Open Appendectomy In Children

WHAT YOU SHOULD KNOW:

An open appendectomy is surgery to remove your child's appendix through an incision in his lower abdomen.


CARE AGREEMENT:

You have the right to help plan your child's care. Learn about your child's health condition and how it may be treated. Discuss treatment options with your child's caregivers to decide what care you want for your child.

RISKS:

  • After surgery, your child may get an infection or a fever. Your child may also get pneumonia (an infection in his lungs). Organs may be damaged or push through the incision site. Scar tissue may form inside his body and cause tissue and organs to stick together. Your child's bowels may become blocked and stop working properly. Your child may get an abscess, which is a pus filled pocket of tissue that can cause infection. Your child may bleed more than expected during surgery or may require another surgery. Your child may get a serious infection in his blood and he could die.

  • Without surgery, your child's appendix may burst open. If this happens, the infection inside of your child's appendix may spread to other organs and his blood. The infection may kill nearby tissue and cause your child to bleed in his abdomen. If this infection is not treated, it can be life-threatening.

WHILE YOU ARE HERE:

Before your child's surgery:

  • Informed consent is a legal document that explains the tests, treatments, or procedures that your child may need. Informed consent means you understand what will be done and can make decisions about what you want. You give your permission when you sign the consent form. You can have someone sign this form for you if you are not able to sign it. You have the right to understand your child's medical care in words you know. Before you sign the consent form, understand the risks and benefits of what will be done to your child. Make sure all of your questions are answered.

  • Preoperative care: Medicine may be given to help your child relax. Your child will be taken to the room where the procedure or surgery will be done.

  • Special lines: Some tubes may be put into an artery or vein (blood vessel) before, during, or after surgery. These help caregivers watch how your child is doing during or after surgery. Your child may need the following lines:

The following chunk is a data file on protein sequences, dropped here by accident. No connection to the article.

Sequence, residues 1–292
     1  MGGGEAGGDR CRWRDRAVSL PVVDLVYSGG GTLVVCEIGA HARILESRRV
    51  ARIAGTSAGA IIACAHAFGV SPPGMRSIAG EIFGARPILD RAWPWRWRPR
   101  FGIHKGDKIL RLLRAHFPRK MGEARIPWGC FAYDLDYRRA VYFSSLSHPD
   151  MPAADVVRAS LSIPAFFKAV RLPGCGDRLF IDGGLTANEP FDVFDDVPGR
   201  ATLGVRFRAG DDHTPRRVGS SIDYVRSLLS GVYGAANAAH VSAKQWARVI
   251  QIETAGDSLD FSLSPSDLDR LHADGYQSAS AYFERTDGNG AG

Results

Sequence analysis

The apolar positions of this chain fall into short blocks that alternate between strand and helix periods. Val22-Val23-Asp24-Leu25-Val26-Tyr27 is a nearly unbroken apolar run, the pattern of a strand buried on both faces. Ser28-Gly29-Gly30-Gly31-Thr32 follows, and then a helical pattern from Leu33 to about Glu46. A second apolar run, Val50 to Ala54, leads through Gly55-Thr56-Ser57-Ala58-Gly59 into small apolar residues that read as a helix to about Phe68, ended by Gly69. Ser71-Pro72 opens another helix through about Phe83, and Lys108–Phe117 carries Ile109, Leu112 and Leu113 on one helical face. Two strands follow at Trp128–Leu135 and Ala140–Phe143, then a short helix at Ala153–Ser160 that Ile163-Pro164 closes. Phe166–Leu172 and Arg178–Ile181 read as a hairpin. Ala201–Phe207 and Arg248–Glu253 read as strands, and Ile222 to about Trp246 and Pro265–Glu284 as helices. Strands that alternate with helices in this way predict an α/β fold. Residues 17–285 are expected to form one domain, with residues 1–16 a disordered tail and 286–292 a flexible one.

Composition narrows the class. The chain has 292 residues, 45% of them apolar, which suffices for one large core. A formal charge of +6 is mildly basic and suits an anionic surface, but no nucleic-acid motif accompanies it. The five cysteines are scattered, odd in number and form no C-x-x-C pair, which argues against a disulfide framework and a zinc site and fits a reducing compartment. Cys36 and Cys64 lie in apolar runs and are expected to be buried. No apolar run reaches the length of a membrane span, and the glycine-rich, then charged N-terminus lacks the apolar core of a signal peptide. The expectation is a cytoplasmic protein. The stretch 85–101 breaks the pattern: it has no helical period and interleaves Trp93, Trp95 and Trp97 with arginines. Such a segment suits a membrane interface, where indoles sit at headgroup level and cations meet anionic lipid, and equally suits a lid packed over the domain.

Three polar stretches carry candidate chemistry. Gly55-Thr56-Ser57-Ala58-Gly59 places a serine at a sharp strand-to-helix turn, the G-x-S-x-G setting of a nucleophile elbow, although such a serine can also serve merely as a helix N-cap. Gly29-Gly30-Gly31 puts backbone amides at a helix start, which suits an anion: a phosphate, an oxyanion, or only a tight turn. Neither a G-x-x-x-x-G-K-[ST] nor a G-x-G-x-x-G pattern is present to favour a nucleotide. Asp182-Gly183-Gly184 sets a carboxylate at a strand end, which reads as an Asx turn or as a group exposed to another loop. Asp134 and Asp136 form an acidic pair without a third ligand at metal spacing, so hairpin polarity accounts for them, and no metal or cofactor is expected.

• An IV is a small tube placed in your child's vein that is used to give him medicine or liquids.

    • NG tube: This is also called a nasogastric tube. An NG tube is put down your child's nose and into his stomach. An NG tube keeps air and fluid out of the stomach during surgery. It is usually taken out shortly after surgery.

    • Arterial line: This tube is also called an "art line" or an "A-line". It is placed into an artery, usually in the wrist or groin. The groin is the area where your child's abdomen (belly) meets his upper leg. The art line is attached to tubing with liquid in it. This liquid helps keep the tubing from getting plugged. The tube may be used for measuring your child's blood pressure or for drawing blood.

    • CVP line: A CVP line is also called a central line. It is an IV catheter or tube. It is put into a large blood vessel near your child's neck, groin, or near his collarbone. The CVP line may be used to give medicines, draw blood, or to check your child's heart.

      • Peripherally Inserted Central Catheter (PICC line): This tube is a central line put into your child's arm. PICC lines are used to give medicines or fluids. Your child may need a central line if it is hard for caregivers to insert a regular IV. A central line may also stay in longer than a regular IV can. Some central lines may also be used to take blood samples. A PICC line may be used to give your child antibiotic medicine. Antibiotics may help prevent your child from getting an infection.